Disclaimer: this case was not handled by the Ortiz Law Firm. It is summarized here to demonstrate how Courts across the United States are handling ERISA disability claims.
The case Meghan Christmas v. Sun Life Assurance Company of Canada was decided by the U.S. District Court for the District of Connecticut on December 13, 2018.
In Christmas, Meghan Christmas (“Christmas”), a Manager of Global Solutions Integration for ISGN Corporation, sought Long Term Disability (“LTD”) benefits from Sun Life Assurance Company of Canada (“Sun Life”). Between the years of 2012 and 2015, Christmas was diagnosed with a number of health issues; of those included psoriasis, back and joint pain, fatigue, arthritis, fibromyalgia, and several gastrointestinal issues (more particularly, Crohn’s disease, reflux, and irritable bowel syndrome). She later filed a claim for LTD benefits in 2014, which Sun Life initially denied; Christmas then sought to appeal, which also resulted in a denial. Her pursuit to overturn the denial of her benefits is the crux of this case.
Christmas submitted both medical records and opinion evidence in support of her claim, including two statements from a Dr. Skola dated June 6, 2014 and November 6, 2014 respectively. The June 2014 statement noted her psoriatic arthritis, right and left wrist synovical tenderness, bilateral hand stiffness, foot plantar fasciitis, and low back stiffness. With respect to limitations, Dr. Skola opined that Christmas could not stand or walk at all, could sit for only one to three hours a day, and could drive for only one to three hours a day. He further opined that she was unable to perform “fine manipulating” and restricted her to lifting ten pounds. He stated that she was “unable to work due to active psoriatic arthritis” and classified her with a Class 5 rating for her physical impairment rendering her “incapable of minimum (sedentary) activity.” Dr. Skola concluded that Christmas is unable to work within the limitations described in any capacity and that her limitations are permanent.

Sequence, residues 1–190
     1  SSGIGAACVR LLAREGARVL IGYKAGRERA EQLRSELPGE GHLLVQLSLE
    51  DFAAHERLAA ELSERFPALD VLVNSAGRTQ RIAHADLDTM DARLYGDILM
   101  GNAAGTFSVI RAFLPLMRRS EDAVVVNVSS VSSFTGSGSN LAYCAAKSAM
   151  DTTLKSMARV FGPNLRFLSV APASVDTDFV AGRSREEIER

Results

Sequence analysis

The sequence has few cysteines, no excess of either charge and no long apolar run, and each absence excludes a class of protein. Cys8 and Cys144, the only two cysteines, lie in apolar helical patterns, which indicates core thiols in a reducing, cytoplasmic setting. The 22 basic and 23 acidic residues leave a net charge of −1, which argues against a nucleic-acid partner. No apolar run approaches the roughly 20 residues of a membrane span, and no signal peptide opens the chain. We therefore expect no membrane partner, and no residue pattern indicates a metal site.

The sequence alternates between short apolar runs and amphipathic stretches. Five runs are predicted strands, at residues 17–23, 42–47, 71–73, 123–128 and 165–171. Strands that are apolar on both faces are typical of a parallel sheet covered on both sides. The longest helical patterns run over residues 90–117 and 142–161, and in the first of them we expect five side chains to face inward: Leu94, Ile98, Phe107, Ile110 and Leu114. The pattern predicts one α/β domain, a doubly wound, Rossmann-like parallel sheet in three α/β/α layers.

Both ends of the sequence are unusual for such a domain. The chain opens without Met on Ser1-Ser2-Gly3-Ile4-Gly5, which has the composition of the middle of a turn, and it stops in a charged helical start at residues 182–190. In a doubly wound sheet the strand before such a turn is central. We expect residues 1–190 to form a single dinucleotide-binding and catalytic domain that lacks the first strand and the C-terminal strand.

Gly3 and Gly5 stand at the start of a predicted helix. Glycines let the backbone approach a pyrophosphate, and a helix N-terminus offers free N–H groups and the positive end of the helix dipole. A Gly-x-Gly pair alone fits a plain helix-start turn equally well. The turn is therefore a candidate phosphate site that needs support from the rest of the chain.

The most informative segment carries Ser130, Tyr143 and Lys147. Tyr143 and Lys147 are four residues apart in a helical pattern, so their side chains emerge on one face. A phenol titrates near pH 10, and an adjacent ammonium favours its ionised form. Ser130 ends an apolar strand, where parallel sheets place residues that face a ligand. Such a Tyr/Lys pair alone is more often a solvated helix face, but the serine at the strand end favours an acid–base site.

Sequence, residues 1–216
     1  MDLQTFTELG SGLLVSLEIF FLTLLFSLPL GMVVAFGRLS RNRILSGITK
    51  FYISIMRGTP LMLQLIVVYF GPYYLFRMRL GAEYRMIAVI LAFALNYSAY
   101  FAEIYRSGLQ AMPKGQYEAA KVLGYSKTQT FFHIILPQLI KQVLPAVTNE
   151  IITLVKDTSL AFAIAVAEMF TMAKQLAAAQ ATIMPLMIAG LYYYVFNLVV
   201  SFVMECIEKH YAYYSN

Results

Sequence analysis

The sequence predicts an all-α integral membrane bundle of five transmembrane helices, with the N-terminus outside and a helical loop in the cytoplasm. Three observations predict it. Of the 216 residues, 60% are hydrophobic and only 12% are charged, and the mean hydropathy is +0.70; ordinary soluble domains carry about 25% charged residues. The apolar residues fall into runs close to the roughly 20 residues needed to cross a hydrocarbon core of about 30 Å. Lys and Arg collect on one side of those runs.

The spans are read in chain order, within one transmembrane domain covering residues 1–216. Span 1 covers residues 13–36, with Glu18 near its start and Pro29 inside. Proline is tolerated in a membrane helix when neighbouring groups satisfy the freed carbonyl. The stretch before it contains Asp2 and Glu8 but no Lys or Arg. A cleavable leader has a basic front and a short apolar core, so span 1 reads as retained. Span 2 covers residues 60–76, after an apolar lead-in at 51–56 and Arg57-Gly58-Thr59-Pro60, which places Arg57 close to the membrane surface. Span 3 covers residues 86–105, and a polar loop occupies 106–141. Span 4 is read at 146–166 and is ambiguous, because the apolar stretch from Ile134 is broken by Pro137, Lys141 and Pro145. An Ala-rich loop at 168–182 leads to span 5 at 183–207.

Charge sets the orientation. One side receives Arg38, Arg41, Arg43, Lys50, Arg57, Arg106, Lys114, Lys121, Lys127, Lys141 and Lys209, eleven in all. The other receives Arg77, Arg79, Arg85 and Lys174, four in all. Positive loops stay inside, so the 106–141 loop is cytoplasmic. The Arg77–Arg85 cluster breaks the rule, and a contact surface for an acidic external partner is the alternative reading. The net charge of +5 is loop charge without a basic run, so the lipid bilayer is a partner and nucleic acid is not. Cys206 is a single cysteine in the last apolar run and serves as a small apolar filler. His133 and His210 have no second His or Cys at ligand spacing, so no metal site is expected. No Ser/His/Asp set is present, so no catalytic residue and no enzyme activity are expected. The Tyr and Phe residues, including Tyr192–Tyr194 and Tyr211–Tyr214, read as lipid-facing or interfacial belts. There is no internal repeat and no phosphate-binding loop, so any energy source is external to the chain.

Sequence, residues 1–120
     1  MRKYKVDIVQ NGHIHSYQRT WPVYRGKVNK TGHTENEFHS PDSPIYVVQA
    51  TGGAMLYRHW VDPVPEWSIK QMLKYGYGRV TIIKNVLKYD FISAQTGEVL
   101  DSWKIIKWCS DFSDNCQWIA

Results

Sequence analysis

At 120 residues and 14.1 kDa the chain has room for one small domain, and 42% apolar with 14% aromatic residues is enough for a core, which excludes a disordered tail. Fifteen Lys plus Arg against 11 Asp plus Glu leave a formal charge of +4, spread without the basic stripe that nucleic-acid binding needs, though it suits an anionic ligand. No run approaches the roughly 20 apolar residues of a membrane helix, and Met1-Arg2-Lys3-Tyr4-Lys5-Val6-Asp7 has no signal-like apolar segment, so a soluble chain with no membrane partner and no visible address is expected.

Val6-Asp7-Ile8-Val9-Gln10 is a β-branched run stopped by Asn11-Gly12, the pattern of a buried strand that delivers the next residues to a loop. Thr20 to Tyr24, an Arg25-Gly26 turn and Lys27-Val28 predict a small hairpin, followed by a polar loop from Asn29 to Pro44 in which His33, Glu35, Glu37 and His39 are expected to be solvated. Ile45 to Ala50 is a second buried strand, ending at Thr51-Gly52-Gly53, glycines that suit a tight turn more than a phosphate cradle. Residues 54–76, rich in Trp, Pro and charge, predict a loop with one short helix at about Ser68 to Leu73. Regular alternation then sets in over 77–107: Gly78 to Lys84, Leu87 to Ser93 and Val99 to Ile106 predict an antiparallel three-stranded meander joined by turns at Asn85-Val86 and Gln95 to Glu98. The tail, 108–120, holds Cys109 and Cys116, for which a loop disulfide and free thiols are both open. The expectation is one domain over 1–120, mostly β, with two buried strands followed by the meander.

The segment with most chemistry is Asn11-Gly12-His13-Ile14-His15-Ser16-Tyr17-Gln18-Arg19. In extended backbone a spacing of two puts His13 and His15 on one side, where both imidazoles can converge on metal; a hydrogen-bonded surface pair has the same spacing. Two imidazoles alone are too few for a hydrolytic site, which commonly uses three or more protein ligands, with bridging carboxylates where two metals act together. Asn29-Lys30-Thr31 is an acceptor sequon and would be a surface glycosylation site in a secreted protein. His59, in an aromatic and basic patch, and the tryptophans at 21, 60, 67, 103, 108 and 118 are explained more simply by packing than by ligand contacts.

After denying her initial claim and when Christmas sought to appeal, Sun Life hired National Medical Review, Co. Ltd. (“NMR”) to evaluate and review the records provided by Christmas’ physicians: Dr. Michael Karasik, gastroenterologist, and Dr. Christopher Skola, rheumatologist. NMR’s three physicians, Steven Channick, M.D., David Hoenig, M.D., and D. Dennis Payne, M.D. assessed Christmas’ situation according to their own knowledge and expertise in their respective fields. As a result of those evaluations and in harmony with its initial findings, Sun Life denied Christmas’ appeal for LTD benefits.
The three physicians stated that Christmas’ medical records did not indicate sufficient evidence of her claims for disability. Further, they remarked that there were no major changes to her conditions prior to or after 2014, nor was there enough information to support her grievances, restrictions, or diagnoses. Each of NMR’s physicians explained their findings as follows:
Dr. Steven Channick, Board Certified in Internal Medicine, articulated that Christmas’ records did not point to a diagnosis of Crohn’s disease. Alternatively, he observed that she had irritable bowel syndrome. Though Christmas’ gastroenterologist Dr. Karasik diagnosed her with Crohn’s disease, her second gastroenterologist argued that he was unconvinced that she had Crohn’s. Further, a third gastroenterologist additionally stated that he did not believe Christmas’ symptoms indicated Crohn’s either. Aside from the lack of Crohn’s indicators, Dr. Channick felt that Christmas had “no restrictions needed for the work place other than free ability of bathroom breaks for her IBS symptoms” and “there were no diagnoses that would cause fatigue that would prevent sedentary employment.” Christmas’ own Dr. Karasik previously stated that while she experienced abdominal and joint pain on a daily basis, she did not have any physical limitations.